Rudess: Well, the music that I’m doing is specifically for it in one sense in that it’s being released in that format before anything else. It’s certainly music that at some point could be on a CD, could be sold through iTunes, although my desire in this case was to highlight JamBandit and show other musicians and offer this music to listeners in this format before anything else. And did you have this format in mind when you were composing the music?

Rudess: For some of it I did, actually. There are a couple of things that are in JamBandit … JamBandit is a free app, which is pretty cool, you can just check it out. And there is, for instance, a little piece of music that I wrote called “A Different Sun,” which was written with JamBandit in mind, just harmonically thinking about the experience and that just comes with it you can just download it for free to start playing and enjoy it. And that piece is pretty dialed in harmonically; it doesn’t go through a whole lot of changes and I wanted to put that in there because I felt like while the user is getting used to the experience, let’s not have it go through a million different chords. Let’s save that for later when they get a little more understanding. So you kept the music relatively simple to start?

Rudess: Yeah, yeah, relatively simple. For you.

Rudess: Well, it’s pretty dialed in. But, yeah, for me … for all of us in the Dream Theater world, we have to work to not play in 13/8, you know (laughs). Exactly!

Rudess: Like my drummer Mike Mangini says, it’s harder for him to play in 4/4 than it is to play in some ridiculous time signature. He is unbelievable.

Rudess: Oh my God, yeah, really incredible. Yeah. You all are.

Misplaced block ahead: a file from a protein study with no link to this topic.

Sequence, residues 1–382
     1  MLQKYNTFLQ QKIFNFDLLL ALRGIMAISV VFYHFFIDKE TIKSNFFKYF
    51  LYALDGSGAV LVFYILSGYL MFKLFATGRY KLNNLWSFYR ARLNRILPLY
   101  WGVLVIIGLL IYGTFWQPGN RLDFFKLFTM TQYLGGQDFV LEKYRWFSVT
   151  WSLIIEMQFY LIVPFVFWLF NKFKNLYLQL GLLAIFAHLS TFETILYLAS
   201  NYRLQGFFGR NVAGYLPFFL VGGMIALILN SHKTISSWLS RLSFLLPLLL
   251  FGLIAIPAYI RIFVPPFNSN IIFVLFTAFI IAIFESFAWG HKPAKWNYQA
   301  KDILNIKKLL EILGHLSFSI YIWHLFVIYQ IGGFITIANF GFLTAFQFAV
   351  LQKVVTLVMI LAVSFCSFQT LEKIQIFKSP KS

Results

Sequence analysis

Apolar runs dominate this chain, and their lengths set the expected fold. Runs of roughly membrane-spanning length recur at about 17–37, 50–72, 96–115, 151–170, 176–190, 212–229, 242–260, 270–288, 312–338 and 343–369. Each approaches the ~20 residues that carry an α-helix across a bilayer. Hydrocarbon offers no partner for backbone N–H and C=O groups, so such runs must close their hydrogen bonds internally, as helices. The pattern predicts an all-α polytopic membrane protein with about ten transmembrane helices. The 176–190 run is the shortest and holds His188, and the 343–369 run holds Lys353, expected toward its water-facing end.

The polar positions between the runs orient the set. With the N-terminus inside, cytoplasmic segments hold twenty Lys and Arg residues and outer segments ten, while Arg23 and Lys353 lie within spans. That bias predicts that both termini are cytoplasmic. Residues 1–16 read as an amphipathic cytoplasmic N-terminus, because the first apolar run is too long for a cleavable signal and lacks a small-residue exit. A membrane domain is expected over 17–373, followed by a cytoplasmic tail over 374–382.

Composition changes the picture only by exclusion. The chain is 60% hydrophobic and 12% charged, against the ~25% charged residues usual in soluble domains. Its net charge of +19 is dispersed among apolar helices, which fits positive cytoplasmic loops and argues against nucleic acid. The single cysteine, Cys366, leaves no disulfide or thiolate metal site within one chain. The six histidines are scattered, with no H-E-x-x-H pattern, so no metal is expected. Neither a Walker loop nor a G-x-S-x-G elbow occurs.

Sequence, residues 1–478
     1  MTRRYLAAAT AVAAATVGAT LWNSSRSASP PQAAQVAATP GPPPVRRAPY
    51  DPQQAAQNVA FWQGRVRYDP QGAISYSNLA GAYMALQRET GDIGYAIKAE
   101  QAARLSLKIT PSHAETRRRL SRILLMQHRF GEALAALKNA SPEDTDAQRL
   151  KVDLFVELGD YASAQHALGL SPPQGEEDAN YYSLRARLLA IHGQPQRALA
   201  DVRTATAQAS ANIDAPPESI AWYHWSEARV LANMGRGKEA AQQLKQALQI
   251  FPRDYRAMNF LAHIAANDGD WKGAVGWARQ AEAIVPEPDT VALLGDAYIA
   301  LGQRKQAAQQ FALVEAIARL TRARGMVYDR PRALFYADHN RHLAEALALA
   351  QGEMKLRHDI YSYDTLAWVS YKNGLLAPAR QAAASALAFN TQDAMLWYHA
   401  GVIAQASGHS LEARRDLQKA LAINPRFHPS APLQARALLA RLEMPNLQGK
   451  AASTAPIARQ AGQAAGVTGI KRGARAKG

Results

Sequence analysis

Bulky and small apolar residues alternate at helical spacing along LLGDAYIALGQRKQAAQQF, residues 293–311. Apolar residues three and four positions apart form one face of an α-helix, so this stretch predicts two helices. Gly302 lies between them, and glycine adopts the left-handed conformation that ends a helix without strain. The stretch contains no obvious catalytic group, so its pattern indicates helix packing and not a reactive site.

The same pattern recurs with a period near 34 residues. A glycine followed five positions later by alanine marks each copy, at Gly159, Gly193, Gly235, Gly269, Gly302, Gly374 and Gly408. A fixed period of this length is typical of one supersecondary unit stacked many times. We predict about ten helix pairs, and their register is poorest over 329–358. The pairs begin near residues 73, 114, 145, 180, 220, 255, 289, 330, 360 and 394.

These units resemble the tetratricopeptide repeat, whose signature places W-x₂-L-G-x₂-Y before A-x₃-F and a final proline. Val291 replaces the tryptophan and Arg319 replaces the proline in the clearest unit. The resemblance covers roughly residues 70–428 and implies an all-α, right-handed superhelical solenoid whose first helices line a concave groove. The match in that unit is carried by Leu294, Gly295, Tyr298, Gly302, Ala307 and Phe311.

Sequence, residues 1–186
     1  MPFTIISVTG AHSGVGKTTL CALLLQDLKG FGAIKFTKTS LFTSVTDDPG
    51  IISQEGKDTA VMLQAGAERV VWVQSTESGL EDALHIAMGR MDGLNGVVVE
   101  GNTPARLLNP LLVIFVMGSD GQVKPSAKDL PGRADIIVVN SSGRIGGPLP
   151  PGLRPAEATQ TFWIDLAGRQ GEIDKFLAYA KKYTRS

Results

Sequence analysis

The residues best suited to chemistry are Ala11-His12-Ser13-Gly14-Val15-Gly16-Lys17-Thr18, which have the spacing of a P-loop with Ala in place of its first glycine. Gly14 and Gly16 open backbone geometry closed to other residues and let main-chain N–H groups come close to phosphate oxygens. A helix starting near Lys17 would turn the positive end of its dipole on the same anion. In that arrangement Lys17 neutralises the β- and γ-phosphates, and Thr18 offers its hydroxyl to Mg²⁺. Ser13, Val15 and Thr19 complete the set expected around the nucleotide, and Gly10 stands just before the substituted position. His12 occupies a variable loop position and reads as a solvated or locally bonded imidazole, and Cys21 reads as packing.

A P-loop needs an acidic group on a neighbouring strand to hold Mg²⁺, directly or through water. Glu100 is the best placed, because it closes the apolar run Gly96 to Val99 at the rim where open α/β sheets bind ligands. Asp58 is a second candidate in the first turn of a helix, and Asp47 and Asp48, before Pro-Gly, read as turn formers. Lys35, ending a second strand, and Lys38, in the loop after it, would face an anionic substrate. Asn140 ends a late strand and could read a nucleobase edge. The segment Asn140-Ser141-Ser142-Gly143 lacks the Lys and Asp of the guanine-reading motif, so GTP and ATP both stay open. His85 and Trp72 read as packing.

Rudess: Oh thanks, thanks. The music is certainly very … ambitious.

Rudess: Yeah. The interesting thing about Dream Theater is that we all love a really good and beautiful melody, and we’re not afraid to have that in our music. But at the same time, of course we love to play and everybody could be considered a virtuoso in their area. It’s a combination of being on the side of “Hey, we’re going to play something really wild and crazy,” but also the fact that we really love melody and we’re not afraid to do that, which a lot of bands these days, a lot of younger bands, get very caught up in the complication and they forget or they think it’s uncool to just be incredibly melodic or expressive or expressed from the heart. And I think all of us … I don’t know, is it maturity? You can say we’re just a bunch of softy characters, or whatever, but we like that. I think it makes a difference in what we do. That’s a good way to put it: maturity. I think especially on the last album, it was just an ideal blend of those two worlds, the melodies and the busy stuff. I think “Lost Not Forgotten” is a good example—there’s a great song in there beyond the arithmetic.